"I heard he's taking class today," Audrey said, her words carried on a dreamy sigh.

"Is he?" Therese's fingers tightened around her cup. Not her class. Please, not her class...

"Not until later this afternoon, though. He and Julia have rehearsal with Vasily at the end of the day."

Therese released a breath she hadn't realized she was holding. "Ah, well then. I have rehearsals with the beginner and intermediate groups all afternoon, so I guess I'll miss him."

"Shame, that." Audrey shook her head as she blew across a spoonful of steaming oatmeal. "But do you think he's going to be difficult?"

"Who? Mr. Durante?"

"Yeah, you know his reputation. And I heard he's not with the National Ballet Company anymore. Rumor is they refused to renew his contract."

Therese cleared her throat and took another sip of superheated coffee. "No,"she said around a mouthful of pain. "I hadn't heard that."

"And I saw him talking with Bruce last night," Audrey went on, referring to the ballet school's director. "Whatever they were discussing, it seemed pretty serious."

"Maybe Bruce was asking for advice about expanding the school," Therese said. "You know he's been talking about adding on, growing into a professional company attached to the school for years now. Luca would probably have some advice about that."

"Maybe." Audrey straightened in her chair, a dollop of oatmeal sliding off her spoon and plopping back into the bowl. "But you've worked with him before, right? So... what was he like?"

Therese glanced at the office door, only a few steps away. She knew this would happen. As soon as the announcement came that Luca Durante would be their guest artist for this season's production of The Nutcracker, she knew she would spend half her time fielding questions about what it had been like to dance with him, to have known him while he was still a rising star.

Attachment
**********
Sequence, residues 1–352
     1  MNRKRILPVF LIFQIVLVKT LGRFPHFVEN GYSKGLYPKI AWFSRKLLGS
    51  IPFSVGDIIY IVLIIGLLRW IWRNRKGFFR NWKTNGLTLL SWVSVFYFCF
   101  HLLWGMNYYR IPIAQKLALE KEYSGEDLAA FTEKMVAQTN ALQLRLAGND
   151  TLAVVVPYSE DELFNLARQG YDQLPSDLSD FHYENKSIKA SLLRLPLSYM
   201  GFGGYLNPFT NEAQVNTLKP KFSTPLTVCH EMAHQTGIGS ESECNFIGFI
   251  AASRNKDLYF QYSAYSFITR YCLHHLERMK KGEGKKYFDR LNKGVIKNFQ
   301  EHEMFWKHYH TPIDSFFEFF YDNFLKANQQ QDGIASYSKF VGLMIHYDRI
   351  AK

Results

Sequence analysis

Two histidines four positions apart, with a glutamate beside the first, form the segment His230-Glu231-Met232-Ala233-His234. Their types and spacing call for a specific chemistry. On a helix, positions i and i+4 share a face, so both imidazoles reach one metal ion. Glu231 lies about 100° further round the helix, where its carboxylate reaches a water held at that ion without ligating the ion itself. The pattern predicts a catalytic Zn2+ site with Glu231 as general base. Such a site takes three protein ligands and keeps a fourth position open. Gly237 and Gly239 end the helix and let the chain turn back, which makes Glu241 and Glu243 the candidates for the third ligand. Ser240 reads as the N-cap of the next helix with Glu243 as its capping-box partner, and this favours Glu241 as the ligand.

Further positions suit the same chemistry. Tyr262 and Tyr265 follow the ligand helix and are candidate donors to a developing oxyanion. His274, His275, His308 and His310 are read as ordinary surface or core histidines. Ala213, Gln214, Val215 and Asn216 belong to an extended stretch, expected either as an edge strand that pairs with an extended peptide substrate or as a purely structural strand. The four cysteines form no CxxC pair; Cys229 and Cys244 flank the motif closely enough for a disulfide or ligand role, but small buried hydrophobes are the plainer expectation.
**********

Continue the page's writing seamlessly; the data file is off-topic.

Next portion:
"He's..." She cleared her throat again, finished it with half a shrug. "He's a perfectionist, that's all."

"Is that all?" Audrey slumped down again and began stirring her rapidly congealing breakfast. "Oh, before you go, I need your RSVP for the fundraiser next week."

"Next week?" Therese blinked, feeling stupid. "It can't be time for that already, can it?"

"Seven days from today." Audrey tilted her head towards the calendar pinned to the wall. "I expect to see you in high heels and something sparkly. And your hair cannot be pulled back into anything that even slightly resembles a ponytail."

Therese sighed. Every year, in the weeks leading up to the Nutcracker, the school and the local theater joined forces to raise money to help support their projects for the future months. For the last two years, Therese had managed to wiggle out of attending, but the administrative staff—Audrey in particular—were not going to allow her to make it three for three.

"I'll be there," Therese said, as if the words were pulled out of her with a pair of tongs.

"Good." Audrey settled back in her chair, satisfied. "And no scrunchies!" she warned, before shoving a spoonful of congealed oatmeal in her mouth.


I'm being dreadfully slow with all of my updates. This is what happens when something in my life changes (move, new job, in this case a new baby) and I overestimate the time I think I'll have to put towards writing and Internet things. So, apologies. 

And thanks to all who are being so terribly patient with me. Things are slowing down and settling into a routine, but it is taking its sweet time to do so!

Quenby Olson